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Tamil Tiger Rebels Mount Second Air Strike in Sri Lanka


In Sri Lanka, Tamil Tiger rebels have mounted an air strike against a key government military base, killing at least six soldiers. As Anjana Pasricha reports from New Delhi, it is the second air strike by the rebels since they demonstrated their air capability last month.

Tamil Tiger rebels say two light aircraft bombed the Palaly military base in the northern Jaffna peninsula. The Sri Lankan military says ground forces fended off the planes with anti-aircraft fire.

Rebel spokesman Rasiah Ilanthirayan says the pre-dawn strikes, which targeted the armory and storage facilities at the base, were successful.

"Two aircraft participated in the sortie. The pilots confirm they hit their targets, soon after they hit the store, actually the armory, they could notice the flames for a while."

Defense officials say the air strike inflicted little damage because the guerrilla aircraft turned back under fire. They say several soldiers were killed when bombs dropped on military bunkers on the frontlines.

The Palaly base is the headquarters for military operations against the rebels in the north and is a major supply base.

The air strike is the second by the rebels since last month, when they bombed an air force base just outside the capital, Colombo. The rebels are believed to have assembled about five light aircraft in jungle bases after smuggling them in pieces into the country.

Rebel spokesman Ilanthirayan says they will increasingly use air strikes in the absence of peace talks.

"We are in a condition where the government is not willing to participate in a genuine process, our doors for peace are open," he said. "So we have no way other than engaging all our military wings to stop this military operations of the Sri Lankan forces."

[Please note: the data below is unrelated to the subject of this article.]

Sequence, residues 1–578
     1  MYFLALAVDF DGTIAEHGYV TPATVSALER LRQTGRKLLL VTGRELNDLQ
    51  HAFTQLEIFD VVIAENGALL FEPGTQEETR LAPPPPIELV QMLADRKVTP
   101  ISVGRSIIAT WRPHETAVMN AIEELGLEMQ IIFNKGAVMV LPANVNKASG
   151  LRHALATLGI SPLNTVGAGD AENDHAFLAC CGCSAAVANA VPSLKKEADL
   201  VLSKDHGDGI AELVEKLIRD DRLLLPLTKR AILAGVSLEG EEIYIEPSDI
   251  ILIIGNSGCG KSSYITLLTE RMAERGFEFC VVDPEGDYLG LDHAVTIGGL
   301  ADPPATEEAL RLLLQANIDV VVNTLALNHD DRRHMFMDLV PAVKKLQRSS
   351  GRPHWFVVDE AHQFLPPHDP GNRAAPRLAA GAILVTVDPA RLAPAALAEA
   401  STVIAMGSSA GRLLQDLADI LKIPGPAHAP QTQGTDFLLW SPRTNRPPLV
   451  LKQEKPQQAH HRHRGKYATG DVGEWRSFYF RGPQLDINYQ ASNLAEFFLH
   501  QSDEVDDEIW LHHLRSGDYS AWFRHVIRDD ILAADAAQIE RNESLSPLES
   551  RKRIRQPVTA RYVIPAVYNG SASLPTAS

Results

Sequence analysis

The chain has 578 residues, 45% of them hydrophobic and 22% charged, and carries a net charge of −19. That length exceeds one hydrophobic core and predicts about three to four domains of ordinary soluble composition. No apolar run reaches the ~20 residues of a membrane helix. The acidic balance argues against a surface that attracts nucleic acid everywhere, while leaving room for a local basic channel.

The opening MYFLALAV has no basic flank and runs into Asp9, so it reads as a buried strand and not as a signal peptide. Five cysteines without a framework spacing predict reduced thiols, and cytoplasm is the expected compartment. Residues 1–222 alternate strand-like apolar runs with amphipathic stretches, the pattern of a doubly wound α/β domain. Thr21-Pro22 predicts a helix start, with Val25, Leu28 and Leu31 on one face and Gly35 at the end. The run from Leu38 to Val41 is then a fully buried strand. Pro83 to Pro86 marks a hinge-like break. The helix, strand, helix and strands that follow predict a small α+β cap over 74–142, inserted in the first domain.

Reports in Colombo say government troops could be preparing for a major assault against the rebels in the north. On Monday the government asked Norway's ambassador to cancel a trip to the rebels' northern stronghold, citing security concerns.

The head of the government Peace Secretariat in Colombo, Palitha Kohona however says the government remains committed to a negotiated settlement with the rebels, also known as the LTTE.

"If the LTTE were to provoke us, or take any measures to challenge us militarily, the government will be compelled to take necessary counter measures, and we are taking those counter measures," he said.

Hopes of ending Sri Lanka's quarter-century-old ethnic conflict rose in 2002 after Norway mediated a ceasefire between the two sides, but the truce is now in tatters. The rebel struggle is aimed at establishing a homeland in the north and east for the minority Tamil community.